https://loon.org/wp-content/uploads/2020/01/Loon-Preservation-Committee-Logowhitetextnb-300x300.png 0 0 admin https://loon.org/wp-content/uploads/2020/01/Loon-Preservation-Committee-Logowhitetextnb-300x300.png admin2019-07-14 10:59:452020-02-09 17:17:29The Saga Continues
Our Loon Cam #2 chick is off to a challenging start. Although it appears to be a healthy, energetic, strong swimmer, the family can’t seem to make it to the brooding area, which is about a quarter mile away. As of 9 pm last night, the loons have left the nesting cove numerous times, only to reappear later.
If you have read the July 10 blog post below, “City Loons”, then you can deduce the most likely reason the loons keep reappearing near the nest. There is at least one disruptive loon in the area that has caused a nest failure on the neighboring loon territory. So that means now there are at least three loons on our family’s door step that have nothing better to do than squabble with each other and any other loons they encounter.
Continuing the door step metaphor, our loon family must travel past their doorstep to get to their brooding area. Think of a house with an unattached kitchen. That’s basically what we have here. There is one central cove that has three narrow passages to three separate chains of coves. We call it the crossroads and the loons might think of it as a demilitarized zone. On a typical year, the loon family might stop at their door step (the crossroads) for a couple of days, where there is some quiet water with an adequate supply of chick food, and then move on to the larger brooding area. But this year they don’t seem to be able to stay outside the nest cove for more than a few hours.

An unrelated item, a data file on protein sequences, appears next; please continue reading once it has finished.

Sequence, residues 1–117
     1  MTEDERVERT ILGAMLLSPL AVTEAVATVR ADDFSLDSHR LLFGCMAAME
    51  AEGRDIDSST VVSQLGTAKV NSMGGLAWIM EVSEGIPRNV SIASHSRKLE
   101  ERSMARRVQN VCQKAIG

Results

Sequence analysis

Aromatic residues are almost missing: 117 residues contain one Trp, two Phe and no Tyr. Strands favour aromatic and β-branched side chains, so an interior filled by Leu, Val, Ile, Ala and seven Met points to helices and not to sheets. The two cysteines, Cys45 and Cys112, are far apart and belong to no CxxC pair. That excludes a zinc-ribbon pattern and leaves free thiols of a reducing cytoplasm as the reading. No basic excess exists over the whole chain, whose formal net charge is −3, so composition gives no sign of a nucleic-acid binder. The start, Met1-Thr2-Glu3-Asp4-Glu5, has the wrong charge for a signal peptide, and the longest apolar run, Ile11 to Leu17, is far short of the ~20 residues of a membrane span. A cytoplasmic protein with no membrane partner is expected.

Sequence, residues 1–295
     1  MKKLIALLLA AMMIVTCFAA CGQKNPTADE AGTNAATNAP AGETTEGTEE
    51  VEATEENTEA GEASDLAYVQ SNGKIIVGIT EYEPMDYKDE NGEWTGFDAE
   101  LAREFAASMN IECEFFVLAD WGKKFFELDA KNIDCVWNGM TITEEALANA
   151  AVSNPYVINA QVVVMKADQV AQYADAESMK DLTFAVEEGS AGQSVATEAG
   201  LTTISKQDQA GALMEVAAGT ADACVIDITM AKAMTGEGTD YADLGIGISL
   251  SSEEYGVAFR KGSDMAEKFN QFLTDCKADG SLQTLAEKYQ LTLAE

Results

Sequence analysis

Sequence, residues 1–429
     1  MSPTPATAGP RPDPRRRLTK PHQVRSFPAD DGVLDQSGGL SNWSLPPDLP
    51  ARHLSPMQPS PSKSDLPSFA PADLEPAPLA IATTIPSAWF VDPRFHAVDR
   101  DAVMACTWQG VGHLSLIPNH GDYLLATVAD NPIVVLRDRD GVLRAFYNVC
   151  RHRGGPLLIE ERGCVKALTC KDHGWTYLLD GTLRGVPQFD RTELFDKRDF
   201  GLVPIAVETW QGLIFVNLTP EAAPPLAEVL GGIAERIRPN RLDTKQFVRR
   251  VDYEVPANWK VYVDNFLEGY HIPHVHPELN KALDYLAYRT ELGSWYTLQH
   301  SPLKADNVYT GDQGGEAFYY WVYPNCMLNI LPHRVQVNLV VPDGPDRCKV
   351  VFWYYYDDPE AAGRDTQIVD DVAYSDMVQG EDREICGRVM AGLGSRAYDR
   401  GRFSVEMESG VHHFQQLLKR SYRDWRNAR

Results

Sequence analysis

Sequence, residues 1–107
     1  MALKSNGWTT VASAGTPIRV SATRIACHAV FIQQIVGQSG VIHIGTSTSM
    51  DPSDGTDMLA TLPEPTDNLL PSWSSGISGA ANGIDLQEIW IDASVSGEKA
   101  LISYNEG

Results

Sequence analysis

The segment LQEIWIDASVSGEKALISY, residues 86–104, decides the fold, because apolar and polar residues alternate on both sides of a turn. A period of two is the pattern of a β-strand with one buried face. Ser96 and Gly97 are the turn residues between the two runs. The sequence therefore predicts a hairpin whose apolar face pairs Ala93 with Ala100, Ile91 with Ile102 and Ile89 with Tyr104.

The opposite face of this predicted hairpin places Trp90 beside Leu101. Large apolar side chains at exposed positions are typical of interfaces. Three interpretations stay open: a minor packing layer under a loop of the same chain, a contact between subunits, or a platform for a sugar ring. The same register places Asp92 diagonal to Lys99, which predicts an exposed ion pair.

LPC biologists will keep tabs on the family and we will give status reports as events occur. The best way to keep abreast of future loon activities is to sign up for our e-Newsletter.